Which lever for which tone?

Posted In: How To Play


  • Participant
    Evolène on #206986

    Good morning everyone,

    I apologise if a similar topic has already been created before but I haven’t found anything in the archives.

    I am very new at the harp, and I intend to practice in particular the Celtic harp for Celtic songs, having grown up hearing this in Brittany (France). Hence, this topic concerns only the lever harps although I suppose we could give informations about the pedal harp here as well.

    I wonder if we could do a compilation of which levers to flip when we want to reach a particular tone.
    What I mean by tone is : “an accent peculiar to a person, people, locality, etc., or a characteristic mode of sounding words in speech.” (Definition by Dictionary.com). Perhaps this is not the correct word used in music in English, you’ll have to forgive my lack of knowledge there as I study music in French.

    So, for example, flipping up the E (mi), A (la) and B (ti) levers and leaving the other levers down gives us the range in C major (gamme en do majeur). The C major is used for most children’s song and standard music.

    I know however that some ranges correspond with particular music styles. In your opinion, what would be the best tone for medieval music? For Irish celtic music? Bolivian harp music? Latino? Asian-style (shamisen) music?
    And which levers would you need to flip to get there?

    I realise that this question might sound ignorant, since you adapt the levers to a specific tune and not to a tone. But what I have in mind is a form of improvisation, sort of what one does when playing Therapy Harp. When playing therapy, you don’t focus on flipping levers, only on the effect the melody has on the patient. In this case, the way the levers are is going to give a different tone to the melody.

    What do you think? Do you have specific palettes in mind that give different tones?


    Participant
    wil-weten on #207021

    Hi Evolène, you asked a really intriguing question.
    English is a foreign language for me as well and I do understand how hard it is to find the right words and make oneself understood.

    In order to get some answers to your question, it may help to find out which elements play a role in this matter.

    To start with: In Europe it is common that when all levers are down, the harp is tuned in E flat. In the US though, it is common that when all levers are down, the harp is tuned in C.
    So this is really important to keep in mind when the answers will be seeping in.

    I think that when you write ‘tone’ you mean key or mode. You may like to google on that.

    You write: “The C major is used for most children’s song and standard music.” I think you mean that a lot of songs are in a major key. They may often be in C major, G major or D major. These are keys which are suitable for the scope of most human voices (the tonic not being too low or too high).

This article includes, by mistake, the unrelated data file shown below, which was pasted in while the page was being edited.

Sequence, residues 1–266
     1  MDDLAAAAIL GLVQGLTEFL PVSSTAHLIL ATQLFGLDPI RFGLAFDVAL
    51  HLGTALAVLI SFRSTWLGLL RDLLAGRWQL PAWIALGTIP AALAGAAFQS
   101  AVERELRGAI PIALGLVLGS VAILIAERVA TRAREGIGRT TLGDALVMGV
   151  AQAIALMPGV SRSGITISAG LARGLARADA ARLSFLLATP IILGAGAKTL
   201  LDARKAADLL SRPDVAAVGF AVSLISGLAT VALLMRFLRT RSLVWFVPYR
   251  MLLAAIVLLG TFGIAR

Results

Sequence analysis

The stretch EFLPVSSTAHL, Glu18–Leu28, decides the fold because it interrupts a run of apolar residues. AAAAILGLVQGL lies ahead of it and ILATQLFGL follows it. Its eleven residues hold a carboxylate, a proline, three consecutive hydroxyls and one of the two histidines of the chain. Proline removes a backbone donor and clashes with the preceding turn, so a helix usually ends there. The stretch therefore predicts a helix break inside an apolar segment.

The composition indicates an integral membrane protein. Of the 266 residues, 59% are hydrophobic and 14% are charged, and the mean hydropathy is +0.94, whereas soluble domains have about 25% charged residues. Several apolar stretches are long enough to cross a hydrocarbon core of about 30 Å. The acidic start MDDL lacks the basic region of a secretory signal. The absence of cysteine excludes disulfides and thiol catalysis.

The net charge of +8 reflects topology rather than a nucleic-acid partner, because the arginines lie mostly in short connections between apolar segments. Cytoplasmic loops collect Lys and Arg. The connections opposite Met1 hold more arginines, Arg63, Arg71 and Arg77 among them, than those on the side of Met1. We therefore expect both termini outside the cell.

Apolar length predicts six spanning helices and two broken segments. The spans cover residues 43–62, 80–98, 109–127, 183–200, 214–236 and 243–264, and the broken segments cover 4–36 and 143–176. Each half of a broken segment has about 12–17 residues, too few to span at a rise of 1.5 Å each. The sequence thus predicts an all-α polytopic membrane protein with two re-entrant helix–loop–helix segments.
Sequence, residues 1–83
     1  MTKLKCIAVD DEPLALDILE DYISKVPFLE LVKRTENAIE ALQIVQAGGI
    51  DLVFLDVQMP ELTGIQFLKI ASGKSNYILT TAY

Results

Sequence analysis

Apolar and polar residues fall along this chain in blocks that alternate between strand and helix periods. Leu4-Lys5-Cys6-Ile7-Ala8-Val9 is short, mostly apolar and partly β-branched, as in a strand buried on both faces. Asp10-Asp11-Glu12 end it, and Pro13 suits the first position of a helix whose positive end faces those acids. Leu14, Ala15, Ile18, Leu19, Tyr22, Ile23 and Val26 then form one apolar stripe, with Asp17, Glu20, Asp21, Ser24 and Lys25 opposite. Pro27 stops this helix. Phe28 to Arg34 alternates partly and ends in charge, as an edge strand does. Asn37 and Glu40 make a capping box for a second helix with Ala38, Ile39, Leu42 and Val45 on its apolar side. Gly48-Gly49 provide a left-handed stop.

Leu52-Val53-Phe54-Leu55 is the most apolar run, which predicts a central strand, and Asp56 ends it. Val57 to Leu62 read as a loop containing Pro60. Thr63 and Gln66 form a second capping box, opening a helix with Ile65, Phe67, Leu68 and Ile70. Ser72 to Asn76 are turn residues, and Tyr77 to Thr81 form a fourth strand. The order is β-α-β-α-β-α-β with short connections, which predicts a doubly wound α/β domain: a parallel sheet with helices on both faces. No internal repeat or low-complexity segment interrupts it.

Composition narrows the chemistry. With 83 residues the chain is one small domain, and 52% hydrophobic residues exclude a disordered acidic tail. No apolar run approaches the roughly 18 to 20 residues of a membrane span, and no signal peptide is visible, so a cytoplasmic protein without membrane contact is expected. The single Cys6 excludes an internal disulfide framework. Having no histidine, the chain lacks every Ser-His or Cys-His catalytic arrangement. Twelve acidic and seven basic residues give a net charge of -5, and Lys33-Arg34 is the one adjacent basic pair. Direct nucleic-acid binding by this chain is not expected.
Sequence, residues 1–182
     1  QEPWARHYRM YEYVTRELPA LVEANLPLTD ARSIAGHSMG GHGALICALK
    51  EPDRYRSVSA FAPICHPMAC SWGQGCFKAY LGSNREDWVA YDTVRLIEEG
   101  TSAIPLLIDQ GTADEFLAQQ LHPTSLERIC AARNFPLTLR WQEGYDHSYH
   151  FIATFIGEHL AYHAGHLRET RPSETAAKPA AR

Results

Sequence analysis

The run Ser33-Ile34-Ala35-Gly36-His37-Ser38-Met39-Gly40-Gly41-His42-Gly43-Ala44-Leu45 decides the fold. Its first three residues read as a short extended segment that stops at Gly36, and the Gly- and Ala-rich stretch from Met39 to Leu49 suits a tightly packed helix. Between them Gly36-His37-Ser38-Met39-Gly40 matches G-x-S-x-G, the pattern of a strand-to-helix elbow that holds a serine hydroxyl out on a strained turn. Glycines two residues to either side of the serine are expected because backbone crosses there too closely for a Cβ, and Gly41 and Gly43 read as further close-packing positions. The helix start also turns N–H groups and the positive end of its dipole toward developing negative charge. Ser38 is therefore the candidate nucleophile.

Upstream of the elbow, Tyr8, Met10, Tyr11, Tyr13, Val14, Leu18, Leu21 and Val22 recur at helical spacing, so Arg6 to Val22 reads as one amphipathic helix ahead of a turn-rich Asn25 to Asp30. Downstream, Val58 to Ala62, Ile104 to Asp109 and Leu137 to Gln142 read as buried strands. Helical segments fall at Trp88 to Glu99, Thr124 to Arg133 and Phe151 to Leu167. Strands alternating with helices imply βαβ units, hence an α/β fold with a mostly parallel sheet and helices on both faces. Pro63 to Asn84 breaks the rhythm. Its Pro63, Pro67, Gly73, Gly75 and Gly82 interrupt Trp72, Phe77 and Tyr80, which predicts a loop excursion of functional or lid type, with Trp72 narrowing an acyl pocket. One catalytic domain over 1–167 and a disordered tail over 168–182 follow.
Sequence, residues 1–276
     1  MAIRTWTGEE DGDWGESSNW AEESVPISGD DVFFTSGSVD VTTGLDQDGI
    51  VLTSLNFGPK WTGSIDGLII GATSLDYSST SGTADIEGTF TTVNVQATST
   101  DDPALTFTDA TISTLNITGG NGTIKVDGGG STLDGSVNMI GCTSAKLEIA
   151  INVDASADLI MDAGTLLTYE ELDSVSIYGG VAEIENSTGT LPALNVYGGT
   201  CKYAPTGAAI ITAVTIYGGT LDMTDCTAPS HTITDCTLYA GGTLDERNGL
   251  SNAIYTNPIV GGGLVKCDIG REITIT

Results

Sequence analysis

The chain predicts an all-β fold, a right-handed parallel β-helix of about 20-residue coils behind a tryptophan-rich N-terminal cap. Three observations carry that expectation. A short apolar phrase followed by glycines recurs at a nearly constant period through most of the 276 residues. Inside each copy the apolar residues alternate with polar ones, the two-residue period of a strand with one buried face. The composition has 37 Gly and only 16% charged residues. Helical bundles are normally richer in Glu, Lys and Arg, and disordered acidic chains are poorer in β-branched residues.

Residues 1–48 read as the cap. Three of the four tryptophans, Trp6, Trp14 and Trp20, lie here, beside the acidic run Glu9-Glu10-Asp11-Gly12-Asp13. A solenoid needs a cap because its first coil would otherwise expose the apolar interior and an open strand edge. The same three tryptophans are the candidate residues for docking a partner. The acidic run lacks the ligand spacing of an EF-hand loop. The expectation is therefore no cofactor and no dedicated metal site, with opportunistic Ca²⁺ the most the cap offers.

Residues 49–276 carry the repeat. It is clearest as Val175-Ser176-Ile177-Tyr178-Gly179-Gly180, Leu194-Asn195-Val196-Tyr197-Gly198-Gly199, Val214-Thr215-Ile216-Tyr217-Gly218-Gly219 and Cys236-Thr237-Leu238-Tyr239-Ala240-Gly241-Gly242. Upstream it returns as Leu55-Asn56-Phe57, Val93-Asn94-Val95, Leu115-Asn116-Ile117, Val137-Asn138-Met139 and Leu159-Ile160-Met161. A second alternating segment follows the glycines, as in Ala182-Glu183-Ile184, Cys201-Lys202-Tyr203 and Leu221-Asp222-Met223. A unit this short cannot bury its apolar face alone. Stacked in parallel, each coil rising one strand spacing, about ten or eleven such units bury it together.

More on this in a next message.


    Participant
    wil-weten on #207025

    In addition to my previous post. Not only are there a lot of modern songs in a major key, but also in minor keys. Nowadays, we tend to think of songs in minor keys of being sad, but this is mainly a cultural thing. Anyway, songs in a harmonic minor or melodic minor way, sound in western ears a lot happier than in the standard minor key.

    One of the things you mention, is that you are interested in celtic music.
    Now, take a song like Are you going to Scarborough fair. This is set in a Dorian mode. This Dorian mode gives a special kind of ‘flavour’ to the song. If you flip your levers to the ones this song needs and start your improvisation on a D, you get the kind of ‘flavour’ that you want.

    I do hope I haven’t confused you too much by now. To make a long story short: you may like to start and learn some music theory. I myself am a great fan of Sylvia Woods ‘Music Theory and Arranging Techniques for Folk Harps’. It’s the one fun (yes, fun!) book on music theory which I think enriches every folk harper’s joy in understanding and playing music.

    To start with improvising: Here you find all you need to start going:

    Feel free to ask additional questions. Finally, have you already discovered the Yahoo-group Virtual Harpcircle? It is a well-moderated group with members from all over the world. I have learnt many a thing there.


    Participant
    carl-swanson on #207035

    Wil- I have to correct one thing you said in your first post. In America, it is standard to tune a lever harp in E flat, just like in Europe, meaning that when none of the levers are engaging the string, the harp is in E flat. I don’t know anyone who tunes a lever harp in C. If you do that, then you only have sharp keys available to you. The whole point of tuning in E flat is to have a selection of flat and sharp keys available.


    Participant
    Biagio on #207036